Sailing the World (Pregnant)

Part 2: A fearless San Diego couple, mid-journey around the world, docks in Puerto Vallarta for a natural birth.


Published:

Photo of a sailboat

Read Part 1 and stand watch for Parts 3 of this series in the coming months. Follow the Kaufmans’ journey on their blog at therebelheart.com and  see a video clip of the family and map of their route around the world.

I was 25 weeks pregnant when we pulled away from San Diego’s America’s Cup Harbor and turned our sailboat, Rebel Heart, southward. I envisioned dolphins leaping in our bow wake, and my two-year-old daughter sitting next to me in the cockpit pointing out turtles, gray whales, and rays.

We were setting out on our around-the-world tour, with a planned stop in Puerto Vallarta to have a child. We would sail south, dock, find a hospital, have a baby, recover, and set sail for the South Pacific. But you know what they say about the best-laid plans.

By this point in my pregnancy we had figured out the type of medicine I needed to keep seasickness at bay, but it also made me terribly drowsy. So after waving goodbye to friends in the early morning light, Cora and I ambled down to her berth and collapsed in an exhausted heap. We slept as my husband, Eric, crossed the maritime boundary of the United States and Mexico and only came to several hours later as we approached the welcoming coastline of Ensenada and Mexico’s official port of entry for all international vessels.

Entering Mexico was a breeze, but as we prepared to leave Ensenada I was experiencing sciatic pain so severe I could barely walk or sit. I was anxious about taking seasickness medication for weeks at a time, and I had no idea how I’d care for my two-year-old in those conditions, in a sailboat, underway, bumping down the coastline of Baja.

A few hours later, our autopilot broke and that settled that. Eric turned our boat around and we hand-steered several hours back to Ensenada so he could fix it. While he steered, I talked. I told him that it was not a good idea for me to continue on our family sail around the world, at least for the next few months. It wasn’t an easy decision. This was a joint dream. Something to say we had done together, from start to finish. But babies have ways of changing dreams.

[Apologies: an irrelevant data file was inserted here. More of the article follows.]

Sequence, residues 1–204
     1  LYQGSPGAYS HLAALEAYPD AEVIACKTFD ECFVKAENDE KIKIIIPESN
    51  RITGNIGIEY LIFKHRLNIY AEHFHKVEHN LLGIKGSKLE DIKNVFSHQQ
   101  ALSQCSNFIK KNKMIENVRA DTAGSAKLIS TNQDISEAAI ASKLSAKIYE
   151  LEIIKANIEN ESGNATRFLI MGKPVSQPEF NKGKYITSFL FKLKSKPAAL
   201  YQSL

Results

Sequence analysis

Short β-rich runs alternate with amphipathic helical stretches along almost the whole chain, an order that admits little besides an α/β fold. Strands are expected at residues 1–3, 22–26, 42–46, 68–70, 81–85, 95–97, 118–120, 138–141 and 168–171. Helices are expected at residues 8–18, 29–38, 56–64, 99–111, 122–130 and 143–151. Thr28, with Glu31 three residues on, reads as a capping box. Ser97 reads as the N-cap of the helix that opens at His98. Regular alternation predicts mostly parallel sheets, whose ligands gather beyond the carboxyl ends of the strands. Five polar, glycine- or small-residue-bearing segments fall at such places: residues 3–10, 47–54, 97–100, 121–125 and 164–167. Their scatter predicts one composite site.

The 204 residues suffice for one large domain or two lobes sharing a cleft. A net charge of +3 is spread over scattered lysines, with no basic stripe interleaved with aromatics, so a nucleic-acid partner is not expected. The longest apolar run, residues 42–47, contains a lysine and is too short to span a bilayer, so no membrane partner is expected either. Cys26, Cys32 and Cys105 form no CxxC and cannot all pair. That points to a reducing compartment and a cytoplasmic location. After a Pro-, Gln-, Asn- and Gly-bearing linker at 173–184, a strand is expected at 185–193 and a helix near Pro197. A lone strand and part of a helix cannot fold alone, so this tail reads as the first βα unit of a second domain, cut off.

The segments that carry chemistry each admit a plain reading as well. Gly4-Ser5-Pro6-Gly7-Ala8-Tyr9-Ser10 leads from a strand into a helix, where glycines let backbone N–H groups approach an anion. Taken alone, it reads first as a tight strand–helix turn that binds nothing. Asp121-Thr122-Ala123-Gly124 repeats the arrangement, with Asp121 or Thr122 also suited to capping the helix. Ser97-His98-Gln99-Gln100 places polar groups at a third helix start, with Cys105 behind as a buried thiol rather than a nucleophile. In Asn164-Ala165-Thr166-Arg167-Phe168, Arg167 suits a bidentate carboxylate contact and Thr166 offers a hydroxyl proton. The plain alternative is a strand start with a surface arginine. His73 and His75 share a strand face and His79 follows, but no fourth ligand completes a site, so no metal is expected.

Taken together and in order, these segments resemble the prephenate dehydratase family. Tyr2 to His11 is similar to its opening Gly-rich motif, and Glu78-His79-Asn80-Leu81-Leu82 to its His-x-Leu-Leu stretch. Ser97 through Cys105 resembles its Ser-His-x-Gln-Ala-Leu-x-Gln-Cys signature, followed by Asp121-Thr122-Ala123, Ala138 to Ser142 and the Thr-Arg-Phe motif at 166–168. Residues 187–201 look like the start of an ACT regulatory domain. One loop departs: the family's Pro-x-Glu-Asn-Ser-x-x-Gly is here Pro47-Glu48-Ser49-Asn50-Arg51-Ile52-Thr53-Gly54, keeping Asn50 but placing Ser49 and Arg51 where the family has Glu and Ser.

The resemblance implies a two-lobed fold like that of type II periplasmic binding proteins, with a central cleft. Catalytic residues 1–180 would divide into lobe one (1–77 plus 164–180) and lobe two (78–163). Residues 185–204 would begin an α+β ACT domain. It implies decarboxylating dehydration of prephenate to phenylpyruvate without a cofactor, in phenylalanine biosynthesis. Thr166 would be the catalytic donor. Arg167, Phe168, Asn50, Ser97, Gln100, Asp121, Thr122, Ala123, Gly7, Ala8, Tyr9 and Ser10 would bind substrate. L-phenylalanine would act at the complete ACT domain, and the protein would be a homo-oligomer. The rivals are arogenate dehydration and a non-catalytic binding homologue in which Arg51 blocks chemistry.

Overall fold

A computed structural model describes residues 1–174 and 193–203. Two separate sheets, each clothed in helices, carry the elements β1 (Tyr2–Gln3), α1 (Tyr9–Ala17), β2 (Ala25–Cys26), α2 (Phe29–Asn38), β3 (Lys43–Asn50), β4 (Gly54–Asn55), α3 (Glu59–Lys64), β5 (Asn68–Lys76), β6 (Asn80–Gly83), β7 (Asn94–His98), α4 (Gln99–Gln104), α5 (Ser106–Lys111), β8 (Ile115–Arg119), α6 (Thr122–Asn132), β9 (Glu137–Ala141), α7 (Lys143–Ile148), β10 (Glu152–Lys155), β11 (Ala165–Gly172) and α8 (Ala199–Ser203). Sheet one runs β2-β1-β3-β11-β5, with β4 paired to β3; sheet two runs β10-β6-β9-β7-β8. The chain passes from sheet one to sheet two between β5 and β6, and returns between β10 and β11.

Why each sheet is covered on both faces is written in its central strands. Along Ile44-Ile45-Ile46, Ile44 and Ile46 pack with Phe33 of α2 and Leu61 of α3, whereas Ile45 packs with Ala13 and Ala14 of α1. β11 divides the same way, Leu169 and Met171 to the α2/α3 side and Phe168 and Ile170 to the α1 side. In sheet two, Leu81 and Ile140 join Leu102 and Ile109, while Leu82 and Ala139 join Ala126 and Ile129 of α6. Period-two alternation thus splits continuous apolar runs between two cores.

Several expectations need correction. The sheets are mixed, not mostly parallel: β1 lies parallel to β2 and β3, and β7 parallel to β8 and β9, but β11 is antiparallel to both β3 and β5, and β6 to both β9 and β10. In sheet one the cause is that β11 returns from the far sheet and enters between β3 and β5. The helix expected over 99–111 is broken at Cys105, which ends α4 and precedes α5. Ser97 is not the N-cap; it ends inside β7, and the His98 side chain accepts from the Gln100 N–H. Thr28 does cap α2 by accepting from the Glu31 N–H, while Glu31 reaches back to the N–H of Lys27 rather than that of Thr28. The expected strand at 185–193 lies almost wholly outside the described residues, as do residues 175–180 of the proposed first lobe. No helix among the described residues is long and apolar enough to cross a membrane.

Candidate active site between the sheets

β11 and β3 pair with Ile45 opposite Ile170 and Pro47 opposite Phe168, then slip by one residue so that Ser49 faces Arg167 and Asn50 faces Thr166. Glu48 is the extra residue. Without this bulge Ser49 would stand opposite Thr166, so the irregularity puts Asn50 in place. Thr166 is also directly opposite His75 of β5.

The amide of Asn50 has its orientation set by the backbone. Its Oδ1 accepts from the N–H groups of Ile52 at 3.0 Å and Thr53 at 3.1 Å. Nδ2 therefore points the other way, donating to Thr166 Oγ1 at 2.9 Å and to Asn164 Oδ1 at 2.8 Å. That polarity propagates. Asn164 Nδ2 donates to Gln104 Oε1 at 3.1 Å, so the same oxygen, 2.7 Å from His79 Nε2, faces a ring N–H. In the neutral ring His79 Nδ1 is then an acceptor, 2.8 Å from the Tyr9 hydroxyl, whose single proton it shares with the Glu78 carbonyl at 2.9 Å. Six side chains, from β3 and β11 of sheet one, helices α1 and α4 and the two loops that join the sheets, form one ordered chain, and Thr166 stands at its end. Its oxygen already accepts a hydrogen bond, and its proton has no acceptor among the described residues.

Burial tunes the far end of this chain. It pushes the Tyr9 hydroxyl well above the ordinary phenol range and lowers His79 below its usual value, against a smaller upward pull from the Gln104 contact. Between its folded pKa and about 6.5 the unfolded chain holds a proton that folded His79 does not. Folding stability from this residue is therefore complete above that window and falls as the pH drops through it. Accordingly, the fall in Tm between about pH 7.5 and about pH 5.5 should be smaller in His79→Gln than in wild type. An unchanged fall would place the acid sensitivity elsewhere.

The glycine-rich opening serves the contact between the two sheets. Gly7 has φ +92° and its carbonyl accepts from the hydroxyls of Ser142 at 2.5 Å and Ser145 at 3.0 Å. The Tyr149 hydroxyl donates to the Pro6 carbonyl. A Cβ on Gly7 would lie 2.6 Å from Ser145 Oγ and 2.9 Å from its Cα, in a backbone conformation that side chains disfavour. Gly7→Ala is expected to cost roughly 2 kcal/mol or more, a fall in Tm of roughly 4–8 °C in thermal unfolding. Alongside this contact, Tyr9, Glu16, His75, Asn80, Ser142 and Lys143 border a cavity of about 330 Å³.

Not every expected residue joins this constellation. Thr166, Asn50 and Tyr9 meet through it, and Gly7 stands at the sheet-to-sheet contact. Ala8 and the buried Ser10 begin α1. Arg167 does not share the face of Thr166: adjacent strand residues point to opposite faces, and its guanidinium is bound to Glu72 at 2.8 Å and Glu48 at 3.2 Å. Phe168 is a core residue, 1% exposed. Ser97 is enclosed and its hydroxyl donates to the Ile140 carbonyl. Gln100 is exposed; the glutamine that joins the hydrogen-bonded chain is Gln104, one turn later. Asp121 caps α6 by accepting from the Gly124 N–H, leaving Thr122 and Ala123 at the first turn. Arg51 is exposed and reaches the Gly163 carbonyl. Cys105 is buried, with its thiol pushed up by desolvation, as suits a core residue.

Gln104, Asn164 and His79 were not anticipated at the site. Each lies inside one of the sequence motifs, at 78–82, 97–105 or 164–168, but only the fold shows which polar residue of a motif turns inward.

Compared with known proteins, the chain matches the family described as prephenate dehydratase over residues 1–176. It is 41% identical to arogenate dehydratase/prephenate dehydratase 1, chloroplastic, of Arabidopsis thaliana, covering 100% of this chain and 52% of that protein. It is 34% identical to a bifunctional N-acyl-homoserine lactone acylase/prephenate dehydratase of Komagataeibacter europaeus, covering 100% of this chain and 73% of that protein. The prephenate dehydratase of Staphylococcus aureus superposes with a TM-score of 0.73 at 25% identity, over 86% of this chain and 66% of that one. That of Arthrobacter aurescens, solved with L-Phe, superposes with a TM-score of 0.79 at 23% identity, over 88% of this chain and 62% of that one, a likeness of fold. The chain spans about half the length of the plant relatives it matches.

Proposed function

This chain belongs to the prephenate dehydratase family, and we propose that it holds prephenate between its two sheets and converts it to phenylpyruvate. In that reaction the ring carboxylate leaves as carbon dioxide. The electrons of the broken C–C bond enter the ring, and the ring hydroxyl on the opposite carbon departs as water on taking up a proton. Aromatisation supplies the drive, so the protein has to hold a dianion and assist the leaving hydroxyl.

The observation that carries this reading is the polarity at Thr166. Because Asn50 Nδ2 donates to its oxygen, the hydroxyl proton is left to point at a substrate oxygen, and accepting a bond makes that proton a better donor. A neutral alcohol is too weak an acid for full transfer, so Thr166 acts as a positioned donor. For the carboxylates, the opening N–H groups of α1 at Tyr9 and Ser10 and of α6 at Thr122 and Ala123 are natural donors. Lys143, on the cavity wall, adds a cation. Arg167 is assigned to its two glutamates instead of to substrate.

Photo of the Kaufman family
Charlotte and Danny Kaufman with Cora and baby sister Lyra, born on Valentine’s Day in Puerto Vallarta. “Our newest sailor and intrepid adventurer.”

Cora and I drove back across the border into San Diego and flew to my sister Sariah’s house in Albuquerque, while Eric began a single-handed adventure that would take him three weeks to complete. My intuition had been right. While I waited for Eric I was rushed to the hospital three times for pre-term contractions and a horrible case of pregnancy-induced kidney stones. Had I gone with Eric, I would have needed to be flown out of a remote fishing village in Baja because of those complications.

We were finally reunited in the small village of La Cruz de Huanacaxtle. (Eric had sailed Rebel Heart there on his own.) Only 45 minutes north of Puerto Vallarta, “La Cruz,” as the locals call it, is close enough to Puerto Vallarta to enjoy all its amenities and far enough away to lull you into the tranquility of its slow, sleepy fishing-village way of life. We all gave a collective exhale and relaxed.